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16 mm, 76 min. English, Dutch.

Aurochs is the name given to the wild ancestor of modern cattle. The aurochs has the distinction of being the first documented case of extinction. The last known wild aurochs died in the Jaktorów Forest in Poland in 1627. Hunting and the introduction of domesticated cattle led to their decline and disappearance. Their value, however, derived not just from them being a source of sustenance. Traits that were attributed to the animal, such as speed, strength, and courage, imbued it with great symbolic power. Some of their body parts were ascribed with supernatural powers. The skin of the forehead and a cross-shaped bone inside the heart were prized for their magical properties. Those who carried them became possessors of the animal’s traits.
In the 20th century efforts to bring back the Aurochs from extinction began to materialize.

Anja Dornieden, born in 1984 in the GDR, and Juan David González Monroy, born in 1983 in Colombia, are filmmakers based in Berlin. Since 2010 they have been working together under the moniker OJOBOCA. Together they practice Horrorism, a simulated method of inner and outer transformation. They have presented their films and performances in a wide variety of venues and festivals worldwide. Their film Heliopolis Heliopolis was included in Forum Expanded 2017. Both Dornieden and González Monroy are members of the artist-run film lab LaborBerlin.

Director’s Note

The aurochs was a wild species of cattle and the ancestor of modern cattle. It was once an inhabitant of large parts of Asia, North Africa, and Europe and was found almost everywhere in the forests and meadows of Germany. The aurochs disappeared in 1627. That year the last known aurochs died in the Jaktorów Forest in Poland.

Starting in the 1920s, Lutz and Heinz Heck, German zoologists and brothers, decided to undertake a project to bring back the aurochs from extinction by a process called back-breeding. Lutz and Heinz as directors, respectively, of the Berlin and Munich zoos, crossed several modern breeds of cattle hoping to end up with a creature that resembled the original aurochs. The Heck brothers’ fantastic goal corresponded with the ideology of racial purification extolled at the time by Nazism. The Heck brothers sought to bring back the biological unity of the aurochs, which they believed to have degenerated through domestication. The aurochs were considered stronger, more pure and beautiful than domesticated cattle and therefore more in correspondence with the German ideal of unspoiled, heroic nature. The aurochs, once the largest land mammal in Europe, was seen as a symbol of German superiority and might.

Eventually, the back-breeding project was thwarted by the war. The bombings of Berlin killed most of the animals in the Berlin Zoo. However, the Hecks’ modern aurochs did not completely disappear. At the Munich Zoo, some of Heinz Heck’s cattle managed to survive the war and the Heck cattle that can be presently found in Germany are their descendants.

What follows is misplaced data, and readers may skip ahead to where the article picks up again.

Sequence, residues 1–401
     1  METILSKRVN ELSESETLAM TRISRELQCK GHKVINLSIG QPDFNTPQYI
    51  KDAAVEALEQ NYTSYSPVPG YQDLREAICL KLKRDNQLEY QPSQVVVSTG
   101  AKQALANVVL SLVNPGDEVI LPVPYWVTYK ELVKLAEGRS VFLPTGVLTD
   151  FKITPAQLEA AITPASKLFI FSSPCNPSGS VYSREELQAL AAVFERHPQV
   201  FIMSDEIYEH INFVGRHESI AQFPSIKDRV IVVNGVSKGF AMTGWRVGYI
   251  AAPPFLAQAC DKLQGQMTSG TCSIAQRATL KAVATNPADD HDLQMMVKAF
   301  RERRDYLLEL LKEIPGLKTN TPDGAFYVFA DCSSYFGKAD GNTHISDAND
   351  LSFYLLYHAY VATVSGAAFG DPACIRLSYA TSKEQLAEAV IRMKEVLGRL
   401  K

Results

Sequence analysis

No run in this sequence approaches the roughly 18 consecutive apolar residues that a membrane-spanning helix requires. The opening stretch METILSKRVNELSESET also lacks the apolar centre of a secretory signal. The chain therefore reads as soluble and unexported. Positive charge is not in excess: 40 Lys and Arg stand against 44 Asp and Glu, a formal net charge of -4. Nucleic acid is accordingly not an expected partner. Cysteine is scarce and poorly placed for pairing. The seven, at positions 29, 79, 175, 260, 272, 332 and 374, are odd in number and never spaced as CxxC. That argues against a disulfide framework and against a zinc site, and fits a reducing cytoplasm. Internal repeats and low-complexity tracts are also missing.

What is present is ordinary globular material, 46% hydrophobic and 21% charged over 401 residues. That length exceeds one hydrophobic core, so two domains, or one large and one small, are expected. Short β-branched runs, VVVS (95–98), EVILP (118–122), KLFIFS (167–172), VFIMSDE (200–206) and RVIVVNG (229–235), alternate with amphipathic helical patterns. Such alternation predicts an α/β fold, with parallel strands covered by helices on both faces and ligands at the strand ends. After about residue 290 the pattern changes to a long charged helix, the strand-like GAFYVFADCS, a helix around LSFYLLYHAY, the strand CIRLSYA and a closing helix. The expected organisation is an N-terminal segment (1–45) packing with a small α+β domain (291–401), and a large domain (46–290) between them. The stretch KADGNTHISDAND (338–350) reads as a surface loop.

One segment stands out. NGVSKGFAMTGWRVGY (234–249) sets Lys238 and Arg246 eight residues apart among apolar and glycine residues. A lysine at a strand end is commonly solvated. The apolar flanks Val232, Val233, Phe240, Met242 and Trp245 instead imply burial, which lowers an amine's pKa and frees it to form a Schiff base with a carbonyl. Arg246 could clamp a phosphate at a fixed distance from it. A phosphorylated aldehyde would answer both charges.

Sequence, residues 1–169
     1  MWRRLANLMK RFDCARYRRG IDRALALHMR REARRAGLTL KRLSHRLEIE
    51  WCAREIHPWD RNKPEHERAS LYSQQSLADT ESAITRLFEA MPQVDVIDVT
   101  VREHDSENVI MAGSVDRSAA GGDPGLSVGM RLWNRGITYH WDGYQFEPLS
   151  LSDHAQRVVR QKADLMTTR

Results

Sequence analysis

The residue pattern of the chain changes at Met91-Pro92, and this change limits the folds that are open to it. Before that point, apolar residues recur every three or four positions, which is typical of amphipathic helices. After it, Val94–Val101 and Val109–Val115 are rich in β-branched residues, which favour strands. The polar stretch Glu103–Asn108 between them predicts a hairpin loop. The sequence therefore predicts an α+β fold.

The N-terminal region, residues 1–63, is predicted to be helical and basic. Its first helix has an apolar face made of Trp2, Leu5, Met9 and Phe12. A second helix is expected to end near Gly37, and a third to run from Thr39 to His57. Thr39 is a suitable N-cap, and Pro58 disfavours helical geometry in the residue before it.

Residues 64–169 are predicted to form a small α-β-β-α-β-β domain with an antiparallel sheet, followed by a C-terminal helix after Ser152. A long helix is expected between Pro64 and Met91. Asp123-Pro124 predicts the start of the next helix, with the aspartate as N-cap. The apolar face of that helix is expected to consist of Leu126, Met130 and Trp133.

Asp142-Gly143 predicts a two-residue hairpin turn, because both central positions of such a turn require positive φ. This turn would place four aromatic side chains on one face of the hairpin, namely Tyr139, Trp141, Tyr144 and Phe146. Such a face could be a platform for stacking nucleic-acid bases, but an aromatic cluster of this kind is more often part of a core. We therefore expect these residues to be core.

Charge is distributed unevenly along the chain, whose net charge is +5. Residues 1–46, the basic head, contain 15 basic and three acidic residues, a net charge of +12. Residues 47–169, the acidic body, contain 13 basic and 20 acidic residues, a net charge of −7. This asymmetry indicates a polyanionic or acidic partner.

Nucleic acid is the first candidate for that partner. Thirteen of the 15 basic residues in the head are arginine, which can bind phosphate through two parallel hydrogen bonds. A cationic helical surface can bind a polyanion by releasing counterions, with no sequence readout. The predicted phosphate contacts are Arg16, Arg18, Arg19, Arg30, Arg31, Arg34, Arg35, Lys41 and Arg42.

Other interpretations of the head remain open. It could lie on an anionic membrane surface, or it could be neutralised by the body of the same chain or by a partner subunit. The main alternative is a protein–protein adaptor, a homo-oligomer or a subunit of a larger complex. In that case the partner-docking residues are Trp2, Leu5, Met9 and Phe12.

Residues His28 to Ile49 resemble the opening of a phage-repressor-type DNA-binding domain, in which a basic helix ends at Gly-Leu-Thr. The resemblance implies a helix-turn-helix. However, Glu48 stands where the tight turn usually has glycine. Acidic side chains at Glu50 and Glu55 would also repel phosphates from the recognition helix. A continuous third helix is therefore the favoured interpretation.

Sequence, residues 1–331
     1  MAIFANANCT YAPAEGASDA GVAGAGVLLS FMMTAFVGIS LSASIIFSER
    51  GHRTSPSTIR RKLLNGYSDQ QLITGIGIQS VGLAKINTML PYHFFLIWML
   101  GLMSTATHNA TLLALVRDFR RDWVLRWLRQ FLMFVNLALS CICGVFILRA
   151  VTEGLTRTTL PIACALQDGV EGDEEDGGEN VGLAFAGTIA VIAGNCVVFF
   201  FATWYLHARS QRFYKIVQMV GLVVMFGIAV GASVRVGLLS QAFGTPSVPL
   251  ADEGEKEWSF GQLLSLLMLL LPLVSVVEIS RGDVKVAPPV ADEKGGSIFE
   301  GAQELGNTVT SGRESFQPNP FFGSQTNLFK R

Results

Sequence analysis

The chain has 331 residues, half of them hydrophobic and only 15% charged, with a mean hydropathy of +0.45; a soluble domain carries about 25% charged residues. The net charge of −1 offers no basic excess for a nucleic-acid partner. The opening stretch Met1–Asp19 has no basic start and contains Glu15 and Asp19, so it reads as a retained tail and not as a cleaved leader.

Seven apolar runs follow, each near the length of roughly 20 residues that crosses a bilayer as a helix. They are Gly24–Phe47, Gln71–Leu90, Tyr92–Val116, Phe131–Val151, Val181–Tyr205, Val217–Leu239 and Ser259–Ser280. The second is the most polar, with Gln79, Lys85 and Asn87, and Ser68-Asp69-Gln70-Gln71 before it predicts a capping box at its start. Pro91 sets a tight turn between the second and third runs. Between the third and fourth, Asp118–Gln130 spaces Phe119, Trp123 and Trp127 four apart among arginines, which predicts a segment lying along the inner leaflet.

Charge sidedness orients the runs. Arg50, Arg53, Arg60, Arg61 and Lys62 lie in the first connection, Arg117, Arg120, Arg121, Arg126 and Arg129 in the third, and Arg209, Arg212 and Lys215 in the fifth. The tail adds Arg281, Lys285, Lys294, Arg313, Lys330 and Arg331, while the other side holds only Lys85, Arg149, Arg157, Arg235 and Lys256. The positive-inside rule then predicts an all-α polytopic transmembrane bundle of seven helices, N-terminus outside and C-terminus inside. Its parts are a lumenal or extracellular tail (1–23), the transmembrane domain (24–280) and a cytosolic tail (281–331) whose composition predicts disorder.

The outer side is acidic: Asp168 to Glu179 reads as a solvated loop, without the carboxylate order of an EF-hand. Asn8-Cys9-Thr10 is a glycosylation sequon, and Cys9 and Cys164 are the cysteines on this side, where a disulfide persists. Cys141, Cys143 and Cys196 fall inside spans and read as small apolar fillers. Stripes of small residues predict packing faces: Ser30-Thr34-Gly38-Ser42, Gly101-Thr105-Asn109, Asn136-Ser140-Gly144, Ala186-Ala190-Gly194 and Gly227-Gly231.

Nonetheless, as a scientific endeavor, the Heck brothers’ project is regarded as a failure. Physically, the Heck cattle of today are considered no different than any other modern cattle. As a symbol, however, the aurochs still survives. Starting in the ‘90s, new back-breeding projects emerged in Europe with the hope of creating a true contemporary aurochs. In Germany in 1996, the conservation group Arbeitsgemeinschaft Biologischer Umweltschutz started to crossbreed Heck cattle with primitive cattle from Southern Europe with the goal of creating a larger, more “long-legged” and “elegant” breed than contemporary Heck cattle. In the Netherlands in 2009, the Tauros Foundation began a project that uses genetic reconstruction to trace the ancient DNA of the aurochs in diverse breeds of modern cattle to create a breed robust enough to cope in the wilderness. These attempts exist within larger “rewilding” conservation projects in Europe. Their goal is to recover Europe’s primitive wildlife so as to replicate the continent’s primordial ecosystem. These projects seek to transform areas of the European landscape back into wilderness, allowing for the original flora and fauna to exist with minimal intervention from humans.

Heck cattle are the unwilling embodiment of what was a paradoxical point of view. This perspective valued the natural world as something whole, pure, and unspoiled and yet, it made every effort to shape it to fit human needs and desires. In the present, in order to preserve it, the shaping of nature continues in different forms. Our film looks at some of the physical traces of the historical development of this pursuit.

Production Anja Dornieden, Juan David González Monroy. Production company OJOBOCA GbR (Berlin, Germany). Written and directed by Anja Dornieden, Juan David González Monroy. Cinematography Anja Dornieden, Juan David González Monroy. Montage Anja Dornieden, Juan David González Monroy. Music Anja Dornieden, Juan David González Monroy. Sound design Christian Obermaier.


2011: Awe Shocks (3 min.). 2012: Oro Parece (6 min.), The Handeye (Bone Ghosts) (7 min.), Eigenheim (16 min.). 2013: A flea’s skin would be too big for you (47 min.), Come and Dance with Me (4 min.). 2014: Gente Perra (25 min.), Wolkenschatten (17 min.). 2015: The Masked Monkeys (30 min.). 2016: Heliopolis Heliopolis (26 min., Forum Expanded 2017). 2018: Comfort Stations (26 min.), The Skin is Good (12 min.). 2020: Her Name was Europa (76 min.).

Photo: © OJOBOCA GbR

Funded by:

  • Logo Minister of State for Culture and the Media
  • Logo des Programms NeuStart Kultur